Cisco Enterprise Print System





About CEPS

CEPS, the Cisco Enterprise Print System, is a collection of tools and utilities designed to work together to create a highly scalable, robust printing environment for a medium to large corporation. It is not a printing system that it is of much use to an individual. The tools are designed to optimize the management of large numbers of printers and would be cumbersome for someone who only has a handful of printers to administer.

CEPS is the brain child of Damian Ivereigh and came into existance while he was a sysadmin the print environment at Cisco Systems Inc.. Cisco allowed the source code to be released to the internet under the GPL for a number of reasons.

In addition to the ongoing development at Cisco, there are a few developers in the open source community working on CEPS.

Assumptions CEPS makes about the print environment

CEPS was designed for internal use by Cisco and is therefore adapted to the kind of environment that Cisco has. As a result, it assumes several things about the environment in which it will be setup. The more that a company's print environment differs from these assumptions, the more difficult it will be to adapt CEPS to that environment.

  • Printers are network connected using TCP/IP - CEPS has no facility for communicating with printers that are not on the network in one way or another. At Cisco most of the printers were connected through internal network interfaces. The only exception were serial bar code printers in manufacturing and those were network accessible through a comm server/terminal server port.
  • Most of the printers are HP, Lexmark, or Tektronix - There are currently only three ways that CEPS talks to a printer: port 9100, LPR, and reverse telnet. If a printer cannot be accessed that way supporting it will require adding some code.
  • Most of the printers have the capability to print PostScript - Sending the data through raw is possible but it some features are not accessible if print jobs are not generally PostScript.
  • Homogeneous network - Cisco's intranet spanned the globe and all devices were accessible from anywhere around the world. There were no networks with printers on them that couldn't be reached from another area.
  • Semi-central control - There is some central coordination to the IT department. In other words, print servers the world over are more or less deployed and adminstered by the same people. There might be local people who assist with the maintenance of print servers and keeping the local data up to date but at the end of the day but the job of keeping all of the print servers on the same version of software is coordinated by a central authority. This central authority also reccomends printer and print server hardware to one degree or another.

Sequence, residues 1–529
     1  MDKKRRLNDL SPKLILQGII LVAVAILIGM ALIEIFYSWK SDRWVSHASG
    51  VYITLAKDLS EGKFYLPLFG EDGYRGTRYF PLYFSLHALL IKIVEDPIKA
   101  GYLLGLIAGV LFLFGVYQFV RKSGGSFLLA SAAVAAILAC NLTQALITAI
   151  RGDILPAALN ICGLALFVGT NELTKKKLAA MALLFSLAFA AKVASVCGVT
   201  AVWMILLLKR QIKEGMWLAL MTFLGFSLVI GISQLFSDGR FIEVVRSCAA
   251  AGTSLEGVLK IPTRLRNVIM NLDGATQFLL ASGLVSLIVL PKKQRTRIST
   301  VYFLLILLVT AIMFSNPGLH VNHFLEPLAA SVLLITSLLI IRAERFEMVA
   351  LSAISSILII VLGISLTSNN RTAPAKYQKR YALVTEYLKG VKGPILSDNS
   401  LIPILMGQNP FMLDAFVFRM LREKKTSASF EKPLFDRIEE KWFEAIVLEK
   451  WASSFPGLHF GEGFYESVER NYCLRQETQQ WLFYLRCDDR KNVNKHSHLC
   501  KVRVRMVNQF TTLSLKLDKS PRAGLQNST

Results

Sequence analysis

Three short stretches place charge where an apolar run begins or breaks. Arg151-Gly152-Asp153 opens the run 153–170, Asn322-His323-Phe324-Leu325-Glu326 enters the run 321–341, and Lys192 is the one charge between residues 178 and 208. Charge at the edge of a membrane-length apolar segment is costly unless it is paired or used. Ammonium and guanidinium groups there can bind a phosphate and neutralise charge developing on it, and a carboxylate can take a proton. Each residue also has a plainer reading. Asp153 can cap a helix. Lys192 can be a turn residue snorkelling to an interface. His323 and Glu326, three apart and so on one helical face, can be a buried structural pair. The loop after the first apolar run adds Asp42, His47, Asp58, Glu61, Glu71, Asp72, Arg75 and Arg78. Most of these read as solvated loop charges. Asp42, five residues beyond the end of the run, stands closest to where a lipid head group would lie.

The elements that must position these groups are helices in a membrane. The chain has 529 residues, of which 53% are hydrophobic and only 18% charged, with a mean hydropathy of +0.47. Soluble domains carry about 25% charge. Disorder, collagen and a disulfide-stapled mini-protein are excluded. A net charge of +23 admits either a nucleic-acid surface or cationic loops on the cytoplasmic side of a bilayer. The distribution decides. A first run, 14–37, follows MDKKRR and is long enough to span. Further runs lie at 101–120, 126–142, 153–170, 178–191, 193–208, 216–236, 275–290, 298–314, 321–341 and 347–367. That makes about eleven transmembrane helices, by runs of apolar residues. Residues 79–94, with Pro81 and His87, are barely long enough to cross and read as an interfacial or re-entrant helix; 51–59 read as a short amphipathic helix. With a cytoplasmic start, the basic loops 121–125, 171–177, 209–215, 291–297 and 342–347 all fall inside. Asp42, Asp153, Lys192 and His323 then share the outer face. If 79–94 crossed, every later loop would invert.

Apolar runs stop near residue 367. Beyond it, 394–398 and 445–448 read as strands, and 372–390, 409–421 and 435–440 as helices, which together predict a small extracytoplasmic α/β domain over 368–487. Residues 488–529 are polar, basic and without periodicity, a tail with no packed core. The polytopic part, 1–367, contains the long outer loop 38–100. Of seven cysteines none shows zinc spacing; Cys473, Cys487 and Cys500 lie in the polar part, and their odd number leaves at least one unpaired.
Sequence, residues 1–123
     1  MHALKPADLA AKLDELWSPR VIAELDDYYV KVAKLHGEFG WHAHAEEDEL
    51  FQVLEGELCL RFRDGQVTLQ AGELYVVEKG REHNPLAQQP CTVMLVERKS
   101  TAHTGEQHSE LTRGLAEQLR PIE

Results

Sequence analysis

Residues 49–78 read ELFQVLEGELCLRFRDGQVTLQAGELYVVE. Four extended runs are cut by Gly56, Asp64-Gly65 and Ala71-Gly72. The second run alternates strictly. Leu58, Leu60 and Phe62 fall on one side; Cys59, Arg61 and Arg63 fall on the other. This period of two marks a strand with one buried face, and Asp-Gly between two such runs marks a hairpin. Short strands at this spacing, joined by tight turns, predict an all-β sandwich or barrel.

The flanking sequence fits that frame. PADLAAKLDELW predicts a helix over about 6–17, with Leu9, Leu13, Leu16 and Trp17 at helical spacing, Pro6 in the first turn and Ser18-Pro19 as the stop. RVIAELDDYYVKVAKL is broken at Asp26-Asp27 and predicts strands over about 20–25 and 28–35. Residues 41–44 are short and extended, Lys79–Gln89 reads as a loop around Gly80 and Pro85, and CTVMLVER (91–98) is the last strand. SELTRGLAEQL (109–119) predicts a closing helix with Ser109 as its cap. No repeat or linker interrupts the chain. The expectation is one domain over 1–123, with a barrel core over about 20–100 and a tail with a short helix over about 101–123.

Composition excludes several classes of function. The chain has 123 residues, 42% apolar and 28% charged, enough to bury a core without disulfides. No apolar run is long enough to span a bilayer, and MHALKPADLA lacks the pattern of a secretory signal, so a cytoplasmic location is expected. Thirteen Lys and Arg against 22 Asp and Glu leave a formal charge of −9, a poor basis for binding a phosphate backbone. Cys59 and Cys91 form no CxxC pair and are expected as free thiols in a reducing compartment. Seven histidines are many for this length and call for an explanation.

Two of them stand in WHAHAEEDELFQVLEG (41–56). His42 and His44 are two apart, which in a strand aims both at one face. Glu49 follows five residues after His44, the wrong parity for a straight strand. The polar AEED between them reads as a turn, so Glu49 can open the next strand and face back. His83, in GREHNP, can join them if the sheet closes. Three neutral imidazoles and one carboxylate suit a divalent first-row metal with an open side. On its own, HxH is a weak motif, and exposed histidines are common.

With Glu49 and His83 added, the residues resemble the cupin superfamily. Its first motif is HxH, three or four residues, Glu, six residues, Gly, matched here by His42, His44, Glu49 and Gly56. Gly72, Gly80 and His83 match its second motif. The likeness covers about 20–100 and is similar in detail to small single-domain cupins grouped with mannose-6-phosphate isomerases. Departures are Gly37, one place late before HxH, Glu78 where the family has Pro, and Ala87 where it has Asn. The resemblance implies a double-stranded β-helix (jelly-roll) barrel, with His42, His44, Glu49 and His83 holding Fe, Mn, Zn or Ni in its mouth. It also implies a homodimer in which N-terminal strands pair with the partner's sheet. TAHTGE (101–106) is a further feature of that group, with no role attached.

• Policy and politics are minimal - Everyone is basically allowed to print to every printer without charge and without regard to who actually purchased the printer or the supplies that it uses.
  • People are fairly trustworthy - People are not going to go out of their way to abuse the print system or break their own printing infrastructure. There are a lot of areas where security in CEPS needs to be improved. There are also some ways a users could temporarily disrupt the printing for other users. For example, a user might stop a print queue or delete a print job that is not their own. The assumption is that we give all users the ability to start and stop the print queues so if one person stops a print job then someone who needs to print to that printer can also simply start it. This might sound like a receipe for disaster but at least Cisco this was never a problem in several years. Also any user can delete any print job. This greatly eased the burden on the sysadmin staff and never caused any problems.
  • Most printers are fairly modern - Modern printers vendors have agreed on a standard SNMP interface outlined by RFC 1759. This interface makes adminstering printers much easier.
  • The print servers can act as bootp or DHCP servers - Having the print servers act as bootp servers for the printers, really really, simplifies the management of printers.
  • Most of the print jobs come from either Unix or Windows machines - The unix printing is supported through the LPR protocol and PC printing is handled through Microsoft networking or SMP printing. At one point there were planns to also offer printing facility to Macintosh clients but the Mac's went away before the project could commence.